But Mr. Hofer filed com­plaints al­leg­ing that some postal votes were mis­han­dled, a chal­lenge that led the coun­try’s high­est court to over­turn the vote. A re­run was set for Oct. 2, but then red-faced elec­tion of­fi­cials an­nounced they wouldn’t be able to hold the vote be­cause of in­suf­fi­ciently sticky ad­he­sive strips on ab­sen­tee bal­lots, mak­ing them sus­cep­ti­ble to tam­per­ing. The elec­tion was even­tu­ally sched­uled for Dec. 4.

The situation was so un­prece­dented that par­lia­ment had to pass special leg­is­la­tion to al­low for the de­lay, which many viewed as a farce that de­graded democ­racy.

The chaos em­bold­ened sup­port­ers of Mr. Hofer, whose can­di­dacy was rid­ing high on wide­spread dis­sat­is­fac­tion over a refugee cri­sis. More than 1 mil­lion Syr­i­ans, North Africans and others flee­ing war and poverty have flooded into Europe in the past two years.

“The pres­i­dent should be there for his own peo­ple. We can take in peo­ple, but there should be an end to this at some point,” said Har­ald Hu­ber, a Hofer sup­porter in Vi­enna.

Some 90,000 refugees ap­plied for asy­lum in Austria last year, the sec­ond­high­est in the Euro­pean Union on a per capita ba­sis. The in­flux has strained so­cial ser­vices, sparked se­cu­rity fears and trig­gered a xeno­pho­bic back­lash. A re­cent sur­vey found that the num­ber of at­tacks on Aus­trian refugee cen­ters was pro­jected to dou­ble this year.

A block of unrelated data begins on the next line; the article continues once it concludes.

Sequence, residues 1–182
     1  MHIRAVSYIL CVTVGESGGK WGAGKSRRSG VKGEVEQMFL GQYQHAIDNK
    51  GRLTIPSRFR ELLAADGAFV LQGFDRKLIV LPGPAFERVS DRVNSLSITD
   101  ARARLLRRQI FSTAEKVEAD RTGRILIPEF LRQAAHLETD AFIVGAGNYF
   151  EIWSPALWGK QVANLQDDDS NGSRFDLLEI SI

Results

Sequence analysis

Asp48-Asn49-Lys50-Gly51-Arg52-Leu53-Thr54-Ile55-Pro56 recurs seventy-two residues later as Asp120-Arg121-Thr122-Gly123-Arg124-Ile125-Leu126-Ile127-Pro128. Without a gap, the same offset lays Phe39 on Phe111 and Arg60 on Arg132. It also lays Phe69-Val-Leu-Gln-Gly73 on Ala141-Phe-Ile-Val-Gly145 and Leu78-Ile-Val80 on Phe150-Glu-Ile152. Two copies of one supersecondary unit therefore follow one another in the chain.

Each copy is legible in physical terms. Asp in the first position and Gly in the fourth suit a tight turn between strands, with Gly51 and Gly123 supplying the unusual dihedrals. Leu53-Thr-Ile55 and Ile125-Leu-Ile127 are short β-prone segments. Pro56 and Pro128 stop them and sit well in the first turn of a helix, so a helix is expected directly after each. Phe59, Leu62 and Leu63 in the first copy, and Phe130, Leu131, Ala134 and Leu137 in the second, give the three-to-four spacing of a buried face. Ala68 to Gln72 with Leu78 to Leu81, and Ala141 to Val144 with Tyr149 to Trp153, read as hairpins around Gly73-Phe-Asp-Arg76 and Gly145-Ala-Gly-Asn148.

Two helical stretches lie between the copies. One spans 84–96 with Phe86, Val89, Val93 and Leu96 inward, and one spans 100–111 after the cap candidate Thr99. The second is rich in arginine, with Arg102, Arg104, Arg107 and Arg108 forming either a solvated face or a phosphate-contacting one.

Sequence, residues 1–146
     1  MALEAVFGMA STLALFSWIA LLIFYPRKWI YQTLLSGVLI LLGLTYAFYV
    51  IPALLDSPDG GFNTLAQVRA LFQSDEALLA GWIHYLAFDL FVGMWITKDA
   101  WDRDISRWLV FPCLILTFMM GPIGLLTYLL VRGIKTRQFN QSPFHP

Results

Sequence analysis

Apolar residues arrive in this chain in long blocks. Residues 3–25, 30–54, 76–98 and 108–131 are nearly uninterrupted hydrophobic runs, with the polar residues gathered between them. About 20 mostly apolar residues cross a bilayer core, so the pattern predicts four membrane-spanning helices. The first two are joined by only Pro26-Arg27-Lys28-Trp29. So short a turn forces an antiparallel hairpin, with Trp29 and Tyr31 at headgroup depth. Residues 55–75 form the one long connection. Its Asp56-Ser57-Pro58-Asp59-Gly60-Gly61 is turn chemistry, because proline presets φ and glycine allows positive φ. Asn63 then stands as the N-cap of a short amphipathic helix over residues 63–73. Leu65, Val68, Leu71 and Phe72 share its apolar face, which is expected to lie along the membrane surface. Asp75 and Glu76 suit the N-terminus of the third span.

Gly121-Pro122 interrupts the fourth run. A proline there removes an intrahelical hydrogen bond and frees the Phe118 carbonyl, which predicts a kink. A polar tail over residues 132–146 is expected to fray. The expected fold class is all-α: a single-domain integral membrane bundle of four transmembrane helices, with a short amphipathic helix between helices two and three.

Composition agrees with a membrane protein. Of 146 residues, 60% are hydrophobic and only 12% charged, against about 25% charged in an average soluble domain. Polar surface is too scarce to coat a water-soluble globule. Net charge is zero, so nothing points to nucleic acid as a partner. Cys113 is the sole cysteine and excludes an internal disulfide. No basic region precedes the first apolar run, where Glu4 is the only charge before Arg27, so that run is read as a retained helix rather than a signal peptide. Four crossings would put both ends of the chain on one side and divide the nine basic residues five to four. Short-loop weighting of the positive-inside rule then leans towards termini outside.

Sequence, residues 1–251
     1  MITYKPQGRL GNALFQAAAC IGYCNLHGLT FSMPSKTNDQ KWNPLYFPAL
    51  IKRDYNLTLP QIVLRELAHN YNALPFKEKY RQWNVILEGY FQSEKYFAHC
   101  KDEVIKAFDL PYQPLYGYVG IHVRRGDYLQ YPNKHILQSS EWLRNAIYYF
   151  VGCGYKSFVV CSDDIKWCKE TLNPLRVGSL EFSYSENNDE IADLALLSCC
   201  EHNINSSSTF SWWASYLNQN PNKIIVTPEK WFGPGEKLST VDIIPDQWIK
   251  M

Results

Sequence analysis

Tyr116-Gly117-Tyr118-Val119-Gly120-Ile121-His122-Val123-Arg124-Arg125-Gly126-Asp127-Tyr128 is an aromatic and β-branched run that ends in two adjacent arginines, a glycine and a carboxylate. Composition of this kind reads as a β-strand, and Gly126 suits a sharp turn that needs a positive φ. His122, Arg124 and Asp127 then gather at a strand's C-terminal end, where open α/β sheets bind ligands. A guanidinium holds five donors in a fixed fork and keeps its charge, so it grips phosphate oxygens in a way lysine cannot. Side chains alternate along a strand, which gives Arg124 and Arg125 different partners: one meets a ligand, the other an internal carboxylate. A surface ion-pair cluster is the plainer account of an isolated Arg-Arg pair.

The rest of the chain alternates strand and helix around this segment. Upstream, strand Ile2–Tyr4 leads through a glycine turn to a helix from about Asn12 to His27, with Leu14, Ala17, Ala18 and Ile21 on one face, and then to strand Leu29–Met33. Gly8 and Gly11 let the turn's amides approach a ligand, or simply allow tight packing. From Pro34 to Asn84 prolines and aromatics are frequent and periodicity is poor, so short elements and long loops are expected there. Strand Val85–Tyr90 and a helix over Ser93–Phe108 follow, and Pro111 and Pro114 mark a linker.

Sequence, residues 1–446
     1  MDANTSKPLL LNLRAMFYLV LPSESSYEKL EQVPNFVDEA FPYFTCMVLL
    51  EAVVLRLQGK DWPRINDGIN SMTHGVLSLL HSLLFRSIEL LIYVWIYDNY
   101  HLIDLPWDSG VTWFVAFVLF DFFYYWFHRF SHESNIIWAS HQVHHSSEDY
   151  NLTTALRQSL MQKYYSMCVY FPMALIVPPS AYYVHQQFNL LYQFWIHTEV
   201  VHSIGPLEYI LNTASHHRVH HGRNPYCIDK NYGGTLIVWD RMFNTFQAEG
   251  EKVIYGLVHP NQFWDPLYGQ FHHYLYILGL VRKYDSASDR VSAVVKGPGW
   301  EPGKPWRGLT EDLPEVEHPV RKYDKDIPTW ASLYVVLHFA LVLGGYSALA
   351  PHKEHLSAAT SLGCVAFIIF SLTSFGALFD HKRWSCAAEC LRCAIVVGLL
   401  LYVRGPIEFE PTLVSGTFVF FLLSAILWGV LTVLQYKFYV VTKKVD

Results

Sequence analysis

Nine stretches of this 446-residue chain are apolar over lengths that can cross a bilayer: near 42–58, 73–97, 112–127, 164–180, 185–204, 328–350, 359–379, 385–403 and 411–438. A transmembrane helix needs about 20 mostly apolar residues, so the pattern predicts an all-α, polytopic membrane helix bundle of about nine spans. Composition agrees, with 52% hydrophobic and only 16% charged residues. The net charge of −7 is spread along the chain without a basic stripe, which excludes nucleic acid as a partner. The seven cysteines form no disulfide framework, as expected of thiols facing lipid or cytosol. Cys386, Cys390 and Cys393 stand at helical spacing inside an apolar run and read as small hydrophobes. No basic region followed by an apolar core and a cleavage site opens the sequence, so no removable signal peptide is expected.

“I can un­der­stand peo­ple right now. They want to be taken se­ri­ously with all their fears,” said Vi­enna-based videog­ra­pher Christo­pher Herndler. “These fears come mostly from mis­in­for­ma­tion and false­hoods in the me­dia that dis­play the refugee cri­sis in the wrong light. But if Van der Bellen fails to ad­dress these fears, Hofer will win.”

Mr. Hofer has said Is­lam is in­com­pat­i­ble with Austria and has de­scribed the Euro­pean Union’s open-door pol­icy to­ward refugees as a ma­jor mis­take. He has promised to strive to im­prove re­la­tions with Russia and to push for an Aus­trian exit from the Euro­pean Union — an “Oxit,” in ref­er­ence to “Oster­re­ich,” the name of the coun­try in Ger­man — if the bloc starts con­sol­i­dat­ing more power in Brus­sels and if Tur­key gains mem­ber­ship.